Today marks the seven-month anniversary of my oldest outstanding public records request, so please indulge me in some ventilation. Back on April 14, before the snow of last winter melted, I made a Freedom of Information Act request to the U.S. Department of Housing and Urban Development. Today, snow once more whitens the ground, and I'm still waiting.
I have asked for the following: Records relating to the "troubled" designation granted to the Housing and Redevelopment Authority of the City of Mound, as well as the most recent list of troubled housing authorities nationwide. I had noticed Mound's name as the only Minnesota public housing authority on this list, so I thought this request would be a simple matter.
After two months, I did manage to get a list of troubled housing authorities, which I promptly blogged about. But I was told by a FOIA staffer that the list was already outdated, and that the agency would send me a new one, as soon as it cleared the process.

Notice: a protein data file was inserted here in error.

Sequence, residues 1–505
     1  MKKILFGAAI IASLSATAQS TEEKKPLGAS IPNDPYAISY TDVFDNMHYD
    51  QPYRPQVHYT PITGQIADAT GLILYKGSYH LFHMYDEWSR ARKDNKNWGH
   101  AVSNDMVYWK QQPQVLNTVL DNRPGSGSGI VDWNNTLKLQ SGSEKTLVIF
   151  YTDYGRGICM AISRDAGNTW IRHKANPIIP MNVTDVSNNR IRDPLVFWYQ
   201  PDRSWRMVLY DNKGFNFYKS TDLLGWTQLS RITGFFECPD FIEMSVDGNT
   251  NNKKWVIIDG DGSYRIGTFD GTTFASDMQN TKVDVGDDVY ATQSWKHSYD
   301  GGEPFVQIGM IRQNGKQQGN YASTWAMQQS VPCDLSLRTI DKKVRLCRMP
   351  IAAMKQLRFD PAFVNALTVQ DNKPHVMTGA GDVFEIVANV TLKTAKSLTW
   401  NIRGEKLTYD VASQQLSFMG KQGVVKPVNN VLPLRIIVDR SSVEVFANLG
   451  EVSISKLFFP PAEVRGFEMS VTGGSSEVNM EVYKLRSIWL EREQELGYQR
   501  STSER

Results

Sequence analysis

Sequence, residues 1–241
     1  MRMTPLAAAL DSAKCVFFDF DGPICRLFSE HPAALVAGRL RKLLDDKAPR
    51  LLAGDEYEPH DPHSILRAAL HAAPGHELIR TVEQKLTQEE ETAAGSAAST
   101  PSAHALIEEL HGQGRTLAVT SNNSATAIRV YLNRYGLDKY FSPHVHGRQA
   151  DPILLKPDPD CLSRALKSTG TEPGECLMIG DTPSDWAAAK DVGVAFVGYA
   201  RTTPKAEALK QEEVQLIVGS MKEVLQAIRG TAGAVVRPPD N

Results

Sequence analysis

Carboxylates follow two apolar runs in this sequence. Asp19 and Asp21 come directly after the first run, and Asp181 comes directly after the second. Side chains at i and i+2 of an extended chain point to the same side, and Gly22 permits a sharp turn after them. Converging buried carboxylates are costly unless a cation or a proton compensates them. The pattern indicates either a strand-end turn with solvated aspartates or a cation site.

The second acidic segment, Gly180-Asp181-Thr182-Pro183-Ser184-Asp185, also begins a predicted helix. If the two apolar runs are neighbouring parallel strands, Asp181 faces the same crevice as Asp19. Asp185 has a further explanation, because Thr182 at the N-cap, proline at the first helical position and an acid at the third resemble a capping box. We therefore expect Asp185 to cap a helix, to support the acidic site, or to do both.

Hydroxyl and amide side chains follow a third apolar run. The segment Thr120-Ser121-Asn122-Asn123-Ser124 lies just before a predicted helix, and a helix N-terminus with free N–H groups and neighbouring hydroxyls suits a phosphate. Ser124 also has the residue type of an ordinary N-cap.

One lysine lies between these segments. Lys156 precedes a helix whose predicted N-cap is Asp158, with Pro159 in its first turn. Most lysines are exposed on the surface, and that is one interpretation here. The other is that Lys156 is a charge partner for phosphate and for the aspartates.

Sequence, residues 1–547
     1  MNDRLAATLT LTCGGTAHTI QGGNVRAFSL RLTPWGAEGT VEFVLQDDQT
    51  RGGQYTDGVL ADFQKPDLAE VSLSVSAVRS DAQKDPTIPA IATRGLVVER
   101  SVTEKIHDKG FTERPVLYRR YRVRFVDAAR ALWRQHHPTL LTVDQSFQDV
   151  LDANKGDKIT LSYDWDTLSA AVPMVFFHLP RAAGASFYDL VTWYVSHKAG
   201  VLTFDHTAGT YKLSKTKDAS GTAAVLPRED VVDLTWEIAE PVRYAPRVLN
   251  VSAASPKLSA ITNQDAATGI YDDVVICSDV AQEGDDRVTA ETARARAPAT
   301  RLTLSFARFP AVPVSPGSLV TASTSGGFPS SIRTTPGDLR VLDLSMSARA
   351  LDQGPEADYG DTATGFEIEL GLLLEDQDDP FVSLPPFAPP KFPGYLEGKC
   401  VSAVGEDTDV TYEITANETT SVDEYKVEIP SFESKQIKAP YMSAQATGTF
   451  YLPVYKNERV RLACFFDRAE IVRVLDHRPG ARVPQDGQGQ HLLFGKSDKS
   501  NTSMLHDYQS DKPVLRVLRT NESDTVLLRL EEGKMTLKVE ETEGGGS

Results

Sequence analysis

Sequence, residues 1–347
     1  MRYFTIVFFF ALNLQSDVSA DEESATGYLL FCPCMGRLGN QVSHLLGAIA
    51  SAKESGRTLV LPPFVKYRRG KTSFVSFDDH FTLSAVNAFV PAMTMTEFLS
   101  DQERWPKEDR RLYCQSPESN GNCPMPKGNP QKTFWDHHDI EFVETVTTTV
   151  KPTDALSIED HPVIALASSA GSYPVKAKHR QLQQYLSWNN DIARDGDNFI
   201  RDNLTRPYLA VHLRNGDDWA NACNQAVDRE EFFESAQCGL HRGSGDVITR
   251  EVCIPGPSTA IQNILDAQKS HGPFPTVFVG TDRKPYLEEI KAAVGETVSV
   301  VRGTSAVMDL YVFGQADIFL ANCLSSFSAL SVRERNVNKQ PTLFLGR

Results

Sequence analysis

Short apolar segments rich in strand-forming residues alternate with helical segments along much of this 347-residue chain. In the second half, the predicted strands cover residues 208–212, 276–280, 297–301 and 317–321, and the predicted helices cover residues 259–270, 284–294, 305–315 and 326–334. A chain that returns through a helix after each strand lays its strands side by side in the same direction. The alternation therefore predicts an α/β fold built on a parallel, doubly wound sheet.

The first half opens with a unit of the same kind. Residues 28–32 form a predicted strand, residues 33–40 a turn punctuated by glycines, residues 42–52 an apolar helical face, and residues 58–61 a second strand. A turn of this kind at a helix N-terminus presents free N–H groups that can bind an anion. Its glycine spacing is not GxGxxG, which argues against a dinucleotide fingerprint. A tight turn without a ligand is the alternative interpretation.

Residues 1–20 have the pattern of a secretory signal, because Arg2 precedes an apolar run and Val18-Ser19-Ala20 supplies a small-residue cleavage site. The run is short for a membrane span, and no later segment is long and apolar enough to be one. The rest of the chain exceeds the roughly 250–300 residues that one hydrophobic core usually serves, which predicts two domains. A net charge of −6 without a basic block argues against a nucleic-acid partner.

I will not identify the HUD FOIA staffers I have dealt with, because 1) they're still taking my calls, and 2) they may not do so if they feel I'm going to quote them by name.
No one has asserted these records are a threat to national security. The most complicated issue that I heard about was whether members of the public attending meetings should have their names redacted to protect their privacy. I have received many apologies, but no records, and no explanation that makes any sense. My call to the HUD FOIA Public Liaison resulted in another email, promising the dispatch of the records within a day. Still, nothing.
It's not worth suing about, or even bombarding HUD's FOIA bureaucracy with outraged emails, and that's perhaps why this has taken so long. Yet I can't help feeling like one of the bums waiting for Godot. It won't come this evening. It will come tomorrow. We promise.
HUD's most recent FOIA annual report indicates the median turnaround time for "complex" requests was 16.5 days. The longest wait, however, was the better part of two years. So someone out there has been suffering much longer than me. I should feel lucky. But I don't.